BlackBerry Torch (9810) Review| By Cam Lincoln
What do you want out of a smartphone? Same thing you had in the past, wrapped up in a new box? Or do you demand innovation, new features -- phones that give you something you've never had -- that you never even knew you wanted?
RIM is no longer an innovator, and you can tell the BlackBerry Torch 9810 isn't an innovative phone. It offers improvements on older models, sure -- but even its most attractive parts are already wilting on the vine. You can't slap on a touch screen and say it's cutting-edge. And I never imaged the BlackBerry's first 4G device would be so bland and boring.
From the design, you can tell all the improvements are just Band-Aid fixes. Black and silver brushed metal replaces the older glossier chrome material on the frame, though the size and shape remain the same as the original Torch. It looks a bit better, but if you drop the 9810 on the floor, it'll still separate into two pieces -- RIM didn't bother improving the build quality, instead making minor aesthetic touch-ups. Dimples on the back don't make it harder to snap off. The frame remains clunky but easy to break. No matter what you paint the plastics with, it isn't a model of durability -- especially one with a rigid slider mechanism. In fact, aside from the material switch-up, this could be the 9800.
Plunk them on the scale -- both exactly five and a half ounces. Pull out that measuring tape -- yep, the 9810 shares a girthy 0.6-inch waist with its older sibling. I'm surprised RIM didn't make any efforts to slim it down, considering how much thinner the Bold 9930 is to the 9810.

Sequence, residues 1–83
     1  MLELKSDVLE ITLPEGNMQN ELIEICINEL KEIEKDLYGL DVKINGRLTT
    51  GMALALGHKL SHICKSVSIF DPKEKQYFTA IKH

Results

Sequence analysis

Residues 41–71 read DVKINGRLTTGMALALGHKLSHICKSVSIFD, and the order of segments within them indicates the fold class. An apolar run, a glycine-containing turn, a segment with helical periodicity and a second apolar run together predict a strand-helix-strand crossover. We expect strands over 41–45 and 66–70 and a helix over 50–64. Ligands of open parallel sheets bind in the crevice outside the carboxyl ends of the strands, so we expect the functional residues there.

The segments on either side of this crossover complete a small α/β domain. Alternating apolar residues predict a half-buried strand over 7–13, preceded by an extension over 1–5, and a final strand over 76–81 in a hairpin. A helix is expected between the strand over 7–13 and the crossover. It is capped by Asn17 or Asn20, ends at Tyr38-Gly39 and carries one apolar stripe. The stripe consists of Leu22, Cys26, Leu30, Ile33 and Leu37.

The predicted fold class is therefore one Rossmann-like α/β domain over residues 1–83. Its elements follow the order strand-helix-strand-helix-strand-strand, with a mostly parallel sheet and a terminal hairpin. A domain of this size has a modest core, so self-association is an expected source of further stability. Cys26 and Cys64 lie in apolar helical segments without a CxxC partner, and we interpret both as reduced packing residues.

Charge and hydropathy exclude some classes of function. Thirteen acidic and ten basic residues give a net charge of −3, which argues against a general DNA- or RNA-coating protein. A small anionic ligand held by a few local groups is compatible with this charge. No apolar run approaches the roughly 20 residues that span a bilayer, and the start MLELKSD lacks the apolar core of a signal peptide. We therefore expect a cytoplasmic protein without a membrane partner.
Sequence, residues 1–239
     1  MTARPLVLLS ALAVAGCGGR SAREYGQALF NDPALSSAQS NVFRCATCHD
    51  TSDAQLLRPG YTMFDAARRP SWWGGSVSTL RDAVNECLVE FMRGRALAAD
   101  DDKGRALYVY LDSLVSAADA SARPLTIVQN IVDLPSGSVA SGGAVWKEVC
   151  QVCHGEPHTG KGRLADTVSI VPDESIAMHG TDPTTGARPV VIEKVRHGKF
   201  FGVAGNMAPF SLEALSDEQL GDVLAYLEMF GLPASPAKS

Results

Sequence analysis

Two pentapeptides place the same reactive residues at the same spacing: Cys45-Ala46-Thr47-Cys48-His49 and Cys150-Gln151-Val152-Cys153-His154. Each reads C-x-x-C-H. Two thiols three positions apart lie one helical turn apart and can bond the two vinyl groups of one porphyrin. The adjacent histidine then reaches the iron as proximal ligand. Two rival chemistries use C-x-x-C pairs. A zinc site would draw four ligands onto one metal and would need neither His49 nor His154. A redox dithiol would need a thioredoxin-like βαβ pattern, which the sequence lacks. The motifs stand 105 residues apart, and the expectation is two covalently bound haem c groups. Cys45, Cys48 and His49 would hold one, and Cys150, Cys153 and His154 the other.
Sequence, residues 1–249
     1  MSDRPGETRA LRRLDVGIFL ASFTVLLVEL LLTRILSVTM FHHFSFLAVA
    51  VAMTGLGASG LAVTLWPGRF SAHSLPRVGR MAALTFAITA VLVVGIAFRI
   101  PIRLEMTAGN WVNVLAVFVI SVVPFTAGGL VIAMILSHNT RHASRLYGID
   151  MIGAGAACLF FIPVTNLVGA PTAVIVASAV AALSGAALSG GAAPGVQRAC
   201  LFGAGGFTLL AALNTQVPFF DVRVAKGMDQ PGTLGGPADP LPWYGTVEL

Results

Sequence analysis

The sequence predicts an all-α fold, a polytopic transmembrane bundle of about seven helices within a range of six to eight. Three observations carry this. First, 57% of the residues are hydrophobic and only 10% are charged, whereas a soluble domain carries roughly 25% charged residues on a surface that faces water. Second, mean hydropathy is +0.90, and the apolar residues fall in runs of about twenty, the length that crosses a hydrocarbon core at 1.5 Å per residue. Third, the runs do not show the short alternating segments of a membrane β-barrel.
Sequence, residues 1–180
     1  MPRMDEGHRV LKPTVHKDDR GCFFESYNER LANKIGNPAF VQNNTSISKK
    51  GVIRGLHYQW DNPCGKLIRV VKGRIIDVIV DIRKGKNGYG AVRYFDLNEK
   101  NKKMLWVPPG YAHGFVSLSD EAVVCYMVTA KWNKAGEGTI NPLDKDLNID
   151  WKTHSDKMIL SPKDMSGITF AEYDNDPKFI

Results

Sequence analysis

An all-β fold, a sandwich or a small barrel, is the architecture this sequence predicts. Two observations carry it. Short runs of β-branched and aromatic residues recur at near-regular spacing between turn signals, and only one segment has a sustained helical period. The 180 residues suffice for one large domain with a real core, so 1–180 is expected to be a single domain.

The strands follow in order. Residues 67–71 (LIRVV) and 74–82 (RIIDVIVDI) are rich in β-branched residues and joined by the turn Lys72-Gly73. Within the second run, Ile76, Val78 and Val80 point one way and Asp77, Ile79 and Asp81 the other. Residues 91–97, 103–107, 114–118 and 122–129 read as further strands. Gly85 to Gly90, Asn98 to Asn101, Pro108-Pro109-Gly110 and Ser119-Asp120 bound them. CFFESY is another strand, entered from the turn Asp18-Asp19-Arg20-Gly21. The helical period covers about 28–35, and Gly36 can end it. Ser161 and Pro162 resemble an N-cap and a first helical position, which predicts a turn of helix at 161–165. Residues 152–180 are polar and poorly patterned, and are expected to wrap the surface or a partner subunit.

The 3.2-inch touch screen measures the same size as its predecessor, and a lot smaller than the iPhone and Android competitors. I give RIM credit since it did bump up the resolution to 640-by-480 pixels, so you'll have a higher-quality screen, if not a larger one. It's not quite high-definition, but the images are clearer and less pixelated than older versions. The "liquid graphics" interface is very responsive to touch, so you won't see lag that often plagues BlackBerry phones. When you touch the screen, it responds quickly. How I feel about the display encapsulates my entire impression of the Touch -- yes, RIM improved on the flaws of older devices. Yes, it brought it closer to up-to-date. But there isn't a single feature that truly deserves praise, or stands out -- or makes me want to buy it.
RIM didn't even bother to add minor changes to the keyboard. If you love RIM's 35-button QWERTY pullout, here you go: the same exact thing again. Buttons are small, but raised and angled to help you send accurate messages. You have to hit the "alt" key to use punctuation, which I find annoying, but BlackBerry fans love their keyboards, so I can understand why RIM kept the design stagnant. At the same time, it could have made upgrades to the typing software. For instance, once you slide the keyboard out, you can't use it in landscape mode, even if you just want to turn it to look at a picture. That's a flaw that can easily be fixed, but RIM didn't bother. And if you want to use the onscreen keyboard, here's a warning: the predictive text -- and autocorrect -- is a joke. The only reason there aren't more "Damn You BlackBerry Autocorrect" screenshots -- like the popular iPhone page -- is RIM's falling market share and lack of appeal.